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Empathy is learned through positive experiences with strangers

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Posted December 24, 2015

There is no denying that some people are more empathic than others. We all have different features in terms of our personality and different empathy is one of them. However, a research from the University of Zurich shows that empathy can be learned. Positive experiences with people from other groups trigger learning behaviour and people start feeling empathic for strangers.

The conflicts between members of different groups usually stem from lack of empathy. Proving it can be learned means peaceful coexistence is possible through more positive experiences with people from other groups. Image credit: tOrange.us, CC BY 4.0

The conflicts between members of different groups usually stem from lack of empathy. Proving it can be learned means peaceful coexistence is possible through more positive experiences with people from other groups. Image credit: tOrange.us, CC BY 4.0

In fact, a few positive encounters are enough to learn empathy for strangers. This is a significant finding, not only because it is very interesting knowledge about human nature, but also because a lot of conflicts between people from different national or cultural groups stem from lack of empathy. Therefore, learning empathy for strangers may help for peaceful coexistence. The study that revealed that empathy can be learned was rather interesting in its methodology.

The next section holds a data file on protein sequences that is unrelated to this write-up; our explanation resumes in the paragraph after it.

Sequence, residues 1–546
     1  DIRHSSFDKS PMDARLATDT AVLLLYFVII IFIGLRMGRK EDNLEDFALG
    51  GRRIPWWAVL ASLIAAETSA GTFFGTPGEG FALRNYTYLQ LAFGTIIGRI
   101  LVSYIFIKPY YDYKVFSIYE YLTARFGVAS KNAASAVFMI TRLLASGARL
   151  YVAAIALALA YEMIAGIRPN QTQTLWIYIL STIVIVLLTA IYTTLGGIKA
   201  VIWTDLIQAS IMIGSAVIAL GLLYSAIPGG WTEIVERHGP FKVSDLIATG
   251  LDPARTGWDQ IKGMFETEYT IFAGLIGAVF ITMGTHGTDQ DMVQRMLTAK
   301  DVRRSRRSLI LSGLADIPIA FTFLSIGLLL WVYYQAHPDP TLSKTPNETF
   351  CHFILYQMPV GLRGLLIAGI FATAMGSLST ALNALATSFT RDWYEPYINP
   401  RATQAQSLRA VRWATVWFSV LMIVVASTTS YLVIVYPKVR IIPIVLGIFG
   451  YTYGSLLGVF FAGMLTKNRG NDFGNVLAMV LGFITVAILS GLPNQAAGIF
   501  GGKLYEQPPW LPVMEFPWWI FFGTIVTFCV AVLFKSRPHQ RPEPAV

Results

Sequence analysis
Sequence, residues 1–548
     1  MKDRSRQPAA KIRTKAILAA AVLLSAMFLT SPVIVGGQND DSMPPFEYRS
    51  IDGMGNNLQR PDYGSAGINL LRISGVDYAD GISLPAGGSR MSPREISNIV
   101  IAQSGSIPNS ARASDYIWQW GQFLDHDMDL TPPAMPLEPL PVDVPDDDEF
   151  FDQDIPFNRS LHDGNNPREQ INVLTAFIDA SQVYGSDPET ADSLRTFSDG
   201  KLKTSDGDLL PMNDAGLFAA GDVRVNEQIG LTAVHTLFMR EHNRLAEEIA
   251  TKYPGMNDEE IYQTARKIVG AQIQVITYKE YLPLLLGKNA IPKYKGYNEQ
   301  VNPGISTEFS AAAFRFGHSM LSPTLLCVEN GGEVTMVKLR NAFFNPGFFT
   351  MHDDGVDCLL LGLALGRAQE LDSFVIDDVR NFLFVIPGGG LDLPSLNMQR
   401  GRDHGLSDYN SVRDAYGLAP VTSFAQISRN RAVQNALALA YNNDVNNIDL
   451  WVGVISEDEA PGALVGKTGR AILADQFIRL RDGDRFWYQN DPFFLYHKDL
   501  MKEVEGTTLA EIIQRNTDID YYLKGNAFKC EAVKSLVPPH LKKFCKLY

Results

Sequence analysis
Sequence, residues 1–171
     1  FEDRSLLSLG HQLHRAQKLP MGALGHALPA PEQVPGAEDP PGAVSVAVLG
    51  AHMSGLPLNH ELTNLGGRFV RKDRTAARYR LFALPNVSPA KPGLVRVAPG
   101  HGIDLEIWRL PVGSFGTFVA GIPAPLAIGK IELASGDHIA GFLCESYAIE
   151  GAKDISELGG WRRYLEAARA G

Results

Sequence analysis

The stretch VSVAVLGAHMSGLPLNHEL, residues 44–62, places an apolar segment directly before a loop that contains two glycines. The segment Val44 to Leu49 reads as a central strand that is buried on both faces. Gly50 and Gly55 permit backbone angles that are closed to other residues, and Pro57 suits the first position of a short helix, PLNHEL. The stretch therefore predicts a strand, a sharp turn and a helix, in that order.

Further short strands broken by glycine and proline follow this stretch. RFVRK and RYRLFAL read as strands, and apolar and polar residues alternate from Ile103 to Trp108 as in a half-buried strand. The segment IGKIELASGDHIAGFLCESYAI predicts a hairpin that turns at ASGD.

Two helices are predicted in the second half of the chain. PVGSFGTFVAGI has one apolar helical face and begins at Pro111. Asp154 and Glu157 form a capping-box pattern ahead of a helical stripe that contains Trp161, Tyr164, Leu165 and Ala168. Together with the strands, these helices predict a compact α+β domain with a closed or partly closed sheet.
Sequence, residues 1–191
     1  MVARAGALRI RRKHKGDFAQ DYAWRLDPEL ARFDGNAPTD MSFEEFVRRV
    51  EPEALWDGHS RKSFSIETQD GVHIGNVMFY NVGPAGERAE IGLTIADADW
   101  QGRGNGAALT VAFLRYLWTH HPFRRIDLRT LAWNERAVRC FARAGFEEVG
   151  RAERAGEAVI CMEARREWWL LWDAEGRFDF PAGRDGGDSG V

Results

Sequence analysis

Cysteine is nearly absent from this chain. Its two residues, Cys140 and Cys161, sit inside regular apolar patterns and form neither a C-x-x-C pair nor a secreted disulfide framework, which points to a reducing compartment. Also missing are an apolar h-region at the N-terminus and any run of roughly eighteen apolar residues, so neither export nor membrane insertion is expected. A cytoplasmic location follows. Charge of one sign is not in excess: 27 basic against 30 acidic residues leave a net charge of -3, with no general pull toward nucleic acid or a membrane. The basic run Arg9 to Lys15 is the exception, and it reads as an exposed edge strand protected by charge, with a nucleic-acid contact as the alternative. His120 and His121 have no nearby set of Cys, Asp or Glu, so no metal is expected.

Team of scientists measures brain activation in participants who had had positive experiences with a member of their own group or another group. In experiments participants were told to expect a painful shock at the back of their hands. The only way for them to avoid the pain was for another person (whether member of their group or not) to pay them out. In order to see the actual reaction to another person’s pain, brain waves were recorded before and after these experiences.

The experiments showed that empathy for a stranger indeed can be learned. At the beginning of the study witnessing pain in strangers triggered weaker brain activation than seeing person from the same group suffer. But after several positive experiences with someone from the stranger’s group led to a significant increase in empathic brain responses. The stronger positive experiences were, the stronger empathy grew.

Scientists say that increasing empathy for people from different groups is driven by  a neuronal learning signal, which develops from unexpected positive experience with strangers. Grit Hein, one of the authors of the study, said: “These results reveal that positive experiences with a stranger are transferred to other members of this group and increase the empathy for them”.

Researches like this show how little we know about our own emotions. This means there is still plenty of things to discover and study, which may mean we will learn better ways of coexisting in the future.

Source: UZH

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